Experiencing Colombia through the Smithsonian Folklife Festival

Smithsonian Folklife Festival that featured Colombia

Colombia was the featured country for the 2011 Smithsonian Folklife Festival.  Photo:  Tonya Fitzpatrick

Photo:  Tonya Fitzpatrick

My first day interning at World Footprints was very educational because I was able to attend the Smithsonian Folklife Festival that featured the country of Colombia. It was exciting, especially because I have never traveled to Colombia and my experience at the festival was amazing. I was able to absorb a lot of information at the festival because it was divided by the bio-cultural diversity of Colombia, so the rest of the visitors and I were able to feel like we were in the actual country, rather than in Washington D.C. at a festival. It also gave guests the opportunity to thoroughly learn about one region of Colombia at a time.

World Footprints intern Melissa Johnson interviews the Smithsonian Folklife Festival curator.  Photo:  Tonya Fitzpatrick

At the festival, I learned that Colombia is divided into five different cultural eco-systems: The Highlands, The Lowlands, The Pacific Tropical Rainforest, Momposino Depression, The Coffee Region and the South Eastern Plains . This means that Colombia is made up of regions, and each region has their own climate, geology and cultural background. The Highlands use traditional materials to create modern art, because as a region, the people are trying to adapt to the 21st century, but with traditional methods. This way, the Highlanders are able to trade and relate to modernists, while still holding on to their roots, culture and traditions. The Highlanders use clay for pottery, and sheep wool for threading and quilting fabric.

Craft weaver.  Photo: Tonya Fitzpatrick

At the festival, dozens of Colombians were demonstrating the process of making pottery, and threading quilts. It was interesting to see the entire process happen. First, the wool had to be detangled from a bundle of wool to a very long single strand that the artists were able to work with.  This was done by an intricate-looking machine that was made from wood and other basic materials, which are assumed to be used from the natural resources that can be found in the Highlands. Each region has its own culture and purpose.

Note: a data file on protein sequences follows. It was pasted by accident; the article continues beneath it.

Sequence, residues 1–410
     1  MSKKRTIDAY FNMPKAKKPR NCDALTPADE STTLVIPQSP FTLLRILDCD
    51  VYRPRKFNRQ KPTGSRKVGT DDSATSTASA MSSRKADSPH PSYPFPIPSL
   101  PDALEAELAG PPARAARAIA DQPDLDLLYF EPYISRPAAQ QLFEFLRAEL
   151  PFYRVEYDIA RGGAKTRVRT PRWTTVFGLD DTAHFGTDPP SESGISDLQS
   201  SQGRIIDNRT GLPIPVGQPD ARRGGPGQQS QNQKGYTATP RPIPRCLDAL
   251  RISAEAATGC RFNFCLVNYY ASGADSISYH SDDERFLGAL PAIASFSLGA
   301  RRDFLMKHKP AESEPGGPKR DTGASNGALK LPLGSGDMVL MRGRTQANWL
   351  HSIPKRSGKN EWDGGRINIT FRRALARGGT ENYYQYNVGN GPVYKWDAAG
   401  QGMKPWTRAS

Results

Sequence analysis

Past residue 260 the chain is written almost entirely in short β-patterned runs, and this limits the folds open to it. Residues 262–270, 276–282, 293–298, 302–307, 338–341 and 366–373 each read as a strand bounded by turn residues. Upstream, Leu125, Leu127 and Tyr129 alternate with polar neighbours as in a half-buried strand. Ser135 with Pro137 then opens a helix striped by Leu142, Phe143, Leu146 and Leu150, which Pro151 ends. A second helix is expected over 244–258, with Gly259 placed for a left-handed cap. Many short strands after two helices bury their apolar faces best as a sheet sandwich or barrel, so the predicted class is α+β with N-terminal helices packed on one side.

Coffee farmer demonstrating the coffee bean picking process.  Photo:  Tonya Fitzpatrick

The region that I think was the most popular at the festival was the coffee region. It is said to that Colombian coffee is the best in the world, and the festival showed visitors exactly how it was made. Colombian coffee farms sustain approximately 550,000 families each year.  Colombian coffee trees are picked twice a year.  A small quantity of beans can be picked in the months of April and May, but the main crop is during September. Coffee trees are annuals and one tree can last up to twenty one years.  The festival walked guests through the entire process, starting from when the beans were picked from the tree, and ending with the beans being brewed, as they would be after retail. It was very interesting to see everything that the beans go through before they arrive on our grocery store shelves, completely packaged, because we typically do not think about what it entails to grow coffee beans. To the Colombians in the Coffee Region, coffee is literally their lives. Their income, their jobs, and everything else depend on the coffee and I find that so interesting.

Wooden sculpture at the Smithsonian Folklife festival that featured Colombia.  Photo by Tonya Fitzpatrick
Photo:  Tonya Fitzpatrick

The Region that I personally found most enjoyable was the Pacific Coast of Colombia because of the culture. The Pacific Coast celebrated African culture and tradition. The Balsadas, which are the rivers of the Colombian Pacific, are used for celebrating and travel. The Balsadas are important and are used for multiple reasons. One obvious reason is trade and transportation. Gold is traveled through the river, along with other goods. In addition to trade, the river is used for traditional reasons as well. Ceremonies with boats carrying holy images, like St. Francis and St. Anthony, are sent out in the river while the Pacific Coasters send them off with traditional song and prayer. It is tradition to sing as an expression of both celebration and death. As a person that has never visited the actual country of Colombia, I have to say that I was extremely impressed with the festival. I learned a lot about the country’s culture, traditions, and way of life and it really made me want to visit Colombia in the near future. The festival gave visitors a glimpse of Colombian culture, which is enough to make visitors become intent on traveling to the country. The festival was overall, very enjoyable and entertaining.

About the Author

World Footprints logo being used in place of missing author photo

Melissa Johnson is interning as a production assistant with World Footprints.  She is attending Towson University.

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